Employment situation in Romania

The labor factor

The general condition of any activity – is ensured, like other factors of production, through the market.The labor market is also based on meeting and confronting demand with the offer.It works in every country, on different groups of countries and on the world scale.

Any activity that initiates or exists in society generates the need for work. This is the total amount of work required for activities in a country over a given period. But it is not entirely a demand that expresses itself on the labor market. The general condition for the need for work to take the form of labor demand is its remuneration, its salary. That is why, the demand for work does not include activities that can be done by housewives, term wizards, students, other non-salaried people.

Demand for work

Is the need for wage labor that is formed at a time in a market economy.

Demand to express through the number of jobs.

Satisfaction with the need for work is done on the basis of the use of the available labor availability in the society, ie the volume of labor that can be earned by the working population of that country in the given period. And in this case, we must keep in mind that not all job vacancies constitute the offer, but only those to be remunerated, paid.

The job offer

Consists of the work that the members of the company can make in wage conditions. Therefore, the job offer does not include domestic women, students, term soldiers and other non-salaried people.

Methodology of calculating labor resources

The work resources existing at one time in the society express the number of people capable of work, that is, that part of the population that possesses all the physical and intellectual capacities that allow them to carry out a useful activity.

Measuring the degree of vacancy of the workforce

One of the main objectives of economic policy in any country is to ensure full employment. The issue of employment is one of the important concerns of the macroeconomic analysis. In the case of macroeconomic analysis through full employment, there is a situation where the unemployment rate has a certain acceptable level (about 4% is considered the natural rate of unemployment). Therefore, it is considered more appropriate to have the term of high employment in place of the full occupation (total).

In national and international statistics, there are several indicators on the number of unemployed and the unemployment rate.

Regarding the number of unemployed, the most used indicators are:

The number of unemployed in the sense of ILO – the International Labor Office – (or the standard definition of unemployment) is made up of all persons aged 14 and over who, during the reference period, simultaneously fulfill the following conditions:

  • not working, not having a job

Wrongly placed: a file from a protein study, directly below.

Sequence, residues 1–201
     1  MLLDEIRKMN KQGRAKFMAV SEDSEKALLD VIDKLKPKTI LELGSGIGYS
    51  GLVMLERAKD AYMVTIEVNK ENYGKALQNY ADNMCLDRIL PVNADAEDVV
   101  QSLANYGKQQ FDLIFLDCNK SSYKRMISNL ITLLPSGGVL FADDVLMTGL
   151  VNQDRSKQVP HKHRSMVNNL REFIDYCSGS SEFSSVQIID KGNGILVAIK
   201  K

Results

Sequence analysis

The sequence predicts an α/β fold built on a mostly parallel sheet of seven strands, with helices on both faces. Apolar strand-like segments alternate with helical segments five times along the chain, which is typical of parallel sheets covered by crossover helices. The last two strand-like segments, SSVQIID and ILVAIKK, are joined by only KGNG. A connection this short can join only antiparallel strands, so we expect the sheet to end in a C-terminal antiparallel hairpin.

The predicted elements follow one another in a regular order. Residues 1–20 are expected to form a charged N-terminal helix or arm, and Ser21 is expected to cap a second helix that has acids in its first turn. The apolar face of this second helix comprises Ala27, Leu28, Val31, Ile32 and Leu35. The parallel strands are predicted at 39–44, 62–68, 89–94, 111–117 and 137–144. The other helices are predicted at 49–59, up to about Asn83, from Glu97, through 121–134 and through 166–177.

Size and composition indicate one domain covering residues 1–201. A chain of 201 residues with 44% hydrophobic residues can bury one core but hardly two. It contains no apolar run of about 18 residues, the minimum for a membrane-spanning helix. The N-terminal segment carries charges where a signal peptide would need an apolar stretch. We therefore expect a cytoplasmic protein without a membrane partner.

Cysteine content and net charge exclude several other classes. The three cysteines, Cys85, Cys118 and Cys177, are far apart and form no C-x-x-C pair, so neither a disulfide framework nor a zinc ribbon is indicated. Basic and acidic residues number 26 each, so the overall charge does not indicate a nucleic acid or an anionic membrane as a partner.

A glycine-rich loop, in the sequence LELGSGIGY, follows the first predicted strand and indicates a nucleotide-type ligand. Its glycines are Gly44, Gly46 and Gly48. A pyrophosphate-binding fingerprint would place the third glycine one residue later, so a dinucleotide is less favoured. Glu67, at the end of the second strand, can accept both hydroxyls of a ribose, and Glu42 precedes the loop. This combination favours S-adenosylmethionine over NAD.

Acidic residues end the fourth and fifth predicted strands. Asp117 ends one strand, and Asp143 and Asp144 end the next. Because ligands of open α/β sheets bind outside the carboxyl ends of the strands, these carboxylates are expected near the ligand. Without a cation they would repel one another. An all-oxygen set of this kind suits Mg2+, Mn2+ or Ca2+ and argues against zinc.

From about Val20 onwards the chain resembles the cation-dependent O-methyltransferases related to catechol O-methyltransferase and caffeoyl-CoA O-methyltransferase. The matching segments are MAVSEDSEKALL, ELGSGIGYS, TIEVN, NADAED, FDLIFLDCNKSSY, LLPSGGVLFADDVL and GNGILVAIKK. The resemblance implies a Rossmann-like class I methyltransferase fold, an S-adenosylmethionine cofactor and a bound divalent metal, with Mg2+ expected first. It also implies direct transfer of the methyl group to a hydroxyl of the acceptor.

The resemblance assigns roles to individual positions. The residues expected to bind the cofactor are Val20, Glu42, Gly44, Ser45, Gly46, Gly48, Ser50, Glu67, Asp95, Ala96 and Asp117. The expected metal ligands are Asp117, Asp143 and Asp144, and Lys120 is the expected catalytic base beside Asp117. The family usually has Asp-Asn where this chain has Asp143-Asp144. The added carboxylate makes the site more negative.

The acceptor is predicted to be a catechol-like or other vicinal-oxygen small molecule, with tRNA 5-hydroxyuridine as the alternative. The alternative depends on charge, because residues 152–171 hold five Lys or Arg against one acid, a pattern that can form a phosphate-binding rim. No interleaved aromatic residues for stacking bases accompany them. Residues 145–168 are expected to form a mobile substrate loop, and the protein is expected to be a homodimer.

• It is possible to start work immediately
  • I am looking for a place to work
  • As a consequence, unemployed people are considered:
  • dismissed persons
  • people looking for the first job (graduates of secondary, vocational, university)
  • people (usually women) who, after a voluntary interruption of their activity, request their resumption
  • Part-time, temporary or seasonal employees looking for a full-time job
  • people who have lost or renounced their previous status (self-employed, patron, unpaid family worker) and are looking for the first time job seeker

The employment rate reached 66% in 2015, below the EU average of 70%

The employment rate of the Romanian population aged between 20 and 64 reached 66% in 2015, slightly increasing compared to 2014 (when it was 65.7%), but still far from the average record. The level of the European Union states, of 70.1% in 2015, shows data published yesterday by Eurostat.

The distribution of employment by sex shows that men in the 20-64 age group registered a higher employment rate of 74.7%, while the employment rate among women in Romania was 57.2% last year. Although this indicator has increased in recent years, Romania needs to increase its employment rate for the population in this age category by another 4 percentage points over the next five years, given that 70% is the target set for Romania in the Europe 2020 strategy. Instead, countries such as Germany, Estonia, Lithuania or Sweden have already reached their target of employment by 2020. Thus, in Germany the employment rate reached 78%, in Estonia 76.5% in Lithuania 73.4%, and in Sweden it reached 80.5% (this being the highest level among EU countries).

The opposite is the situation in countries like Greece (where the employment rate is 54.9%), Croatia and Italy (with a 60.5% employment rate) and Spain (62%).

The employment rate is the share of the employed population (all persons who paid work during the survey) in the age group 20 and 64 in the total population of the same age group (20-64).

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